On January 1, 2022, the federal No Surprise Act will go into effect and ban surprise medical bills for emergency services, nonemergency services from nonparticipating providers at participating facilities and air ambulance services from nonparticipating providers of air ambulance services, under certain circumstances.
By way of background, on July 1, the Department of Health & Human Services (HHS), the Department of Labor and the Department of the Treasury issued interim final rules (IFR) dated July 1 titled "Requirements Related to Surprise Billing; Part I." The IFR will restrict excessive out-of-pocket costs to consumers from surprise billing and balance billing. Surprise billing happens when people unknowingly get care from providers that are outside their health plan's network and can happen for both emergency and nonemergency care. Balance billing, which is currently prohibited by both Medicare and Medicaid, happens when a provider charges patients the remainder of what their insurance does not pay.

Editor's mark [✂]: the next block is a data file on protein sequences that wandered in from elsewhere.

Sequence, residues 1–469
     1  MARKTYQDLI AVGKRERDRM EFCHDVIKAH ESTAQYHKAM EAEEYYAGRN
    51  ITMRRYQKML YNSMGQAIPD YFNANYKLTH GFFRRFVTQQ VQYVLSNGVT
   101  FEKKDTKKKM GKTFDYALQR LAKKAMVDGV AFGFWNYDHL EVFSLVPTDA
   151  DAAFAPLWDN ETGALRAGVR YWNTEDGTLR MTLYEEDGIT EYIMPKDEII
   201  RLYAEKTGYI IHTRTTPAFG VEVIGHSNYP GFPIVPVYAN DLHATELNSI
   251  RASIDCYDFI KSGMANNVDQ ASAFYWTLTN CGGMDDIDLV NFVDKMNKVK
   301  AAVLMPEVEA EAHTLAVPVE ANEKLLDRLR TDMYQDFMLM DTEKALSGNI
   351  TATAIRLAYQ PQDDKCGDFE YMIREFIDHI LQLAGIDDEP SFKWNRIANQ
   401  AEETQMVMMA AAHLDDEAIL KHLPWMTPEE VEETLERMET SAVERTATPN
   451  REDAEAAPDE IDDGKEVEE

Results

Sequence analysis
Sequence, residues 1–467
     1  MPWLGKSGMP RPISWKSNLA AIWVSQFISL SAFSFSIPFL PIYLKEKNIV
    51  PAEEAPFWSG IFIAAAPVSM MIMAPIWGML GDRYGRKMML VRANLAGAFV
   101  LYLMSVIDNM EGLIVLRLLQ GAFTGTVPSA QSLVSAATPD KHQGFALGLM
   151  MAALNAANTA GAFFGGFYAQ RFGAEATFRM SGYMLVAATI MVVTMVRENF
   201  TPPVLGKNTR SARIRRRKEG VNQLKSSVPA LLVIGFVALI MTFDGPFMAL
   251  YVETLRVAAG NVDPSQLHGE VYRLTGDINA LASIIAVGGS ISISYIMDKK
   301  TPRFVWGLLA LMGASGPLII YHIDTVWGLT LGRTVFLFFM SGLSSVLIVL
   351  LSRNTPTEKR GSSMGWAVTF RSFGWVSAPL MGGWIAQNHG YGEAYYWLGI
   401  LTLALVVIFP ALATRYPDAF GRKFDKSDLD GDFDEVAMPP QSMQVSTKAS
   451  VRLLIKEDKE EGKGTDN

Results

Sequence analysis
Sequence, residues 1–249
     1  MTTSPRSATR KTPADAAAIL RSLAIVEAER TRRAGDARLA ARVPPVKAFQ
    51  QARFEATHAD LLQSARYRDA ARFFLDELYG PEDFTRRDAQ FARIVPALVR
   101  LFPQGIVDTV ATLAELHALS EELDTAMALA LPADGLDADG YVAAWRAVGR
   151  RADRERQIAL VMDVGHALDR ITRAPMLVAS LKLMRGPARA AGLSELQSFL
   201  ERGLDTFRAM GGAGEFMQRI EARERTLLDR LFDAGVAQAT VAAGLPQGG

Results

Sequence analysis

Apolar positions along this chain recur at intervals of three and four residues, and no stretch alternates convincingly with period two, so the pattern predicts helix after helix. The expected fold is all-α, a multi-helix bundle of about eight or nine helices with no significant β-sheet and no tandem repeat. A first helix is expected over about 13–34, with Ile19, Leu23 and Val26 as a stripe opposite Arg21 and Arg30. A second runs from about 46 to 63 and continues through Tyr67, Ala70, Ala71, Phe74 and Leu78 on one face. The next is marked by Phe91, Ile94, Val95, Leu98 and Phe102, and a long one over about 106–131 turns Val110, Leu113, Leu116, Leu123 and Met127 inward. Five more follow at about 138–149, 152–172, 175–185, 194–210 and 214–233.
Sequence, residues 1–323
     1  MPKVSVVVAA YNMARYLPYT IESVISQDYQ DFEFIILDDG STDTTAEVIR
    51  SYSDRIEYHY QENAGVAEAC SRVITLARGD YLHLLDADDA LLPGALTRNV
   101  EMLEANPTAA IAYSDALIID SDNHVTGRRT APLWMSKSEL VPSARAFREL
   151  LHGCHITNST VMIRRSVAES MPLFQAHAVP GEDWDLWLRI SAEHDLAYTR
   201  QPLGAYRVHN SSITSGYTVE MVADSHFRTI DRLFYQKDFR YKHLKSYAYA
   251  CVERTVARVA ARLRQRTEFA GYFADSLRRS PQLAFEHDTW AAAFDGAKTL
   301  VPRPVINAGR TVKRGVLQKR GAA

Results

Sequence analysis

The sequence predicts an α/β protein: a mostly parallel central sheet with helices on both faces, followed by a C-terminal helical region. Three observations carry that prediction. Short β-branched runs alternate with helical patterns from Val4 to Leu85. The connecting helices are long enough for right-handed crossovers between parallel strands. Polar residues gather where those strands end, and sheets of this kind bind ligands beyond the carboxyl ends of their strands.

In a statement provided by HHS Secretary Xavier Becerra, the intent of this IFR was for no patient to forgo care for fear of surprise billing and unexpected costs. While many states have their own version preventing surprise medical bills, they may or may not apply to federal payers such as Medicare. However, there remains much disagreement with the proposed terms of the federal legislation, so stay tuned.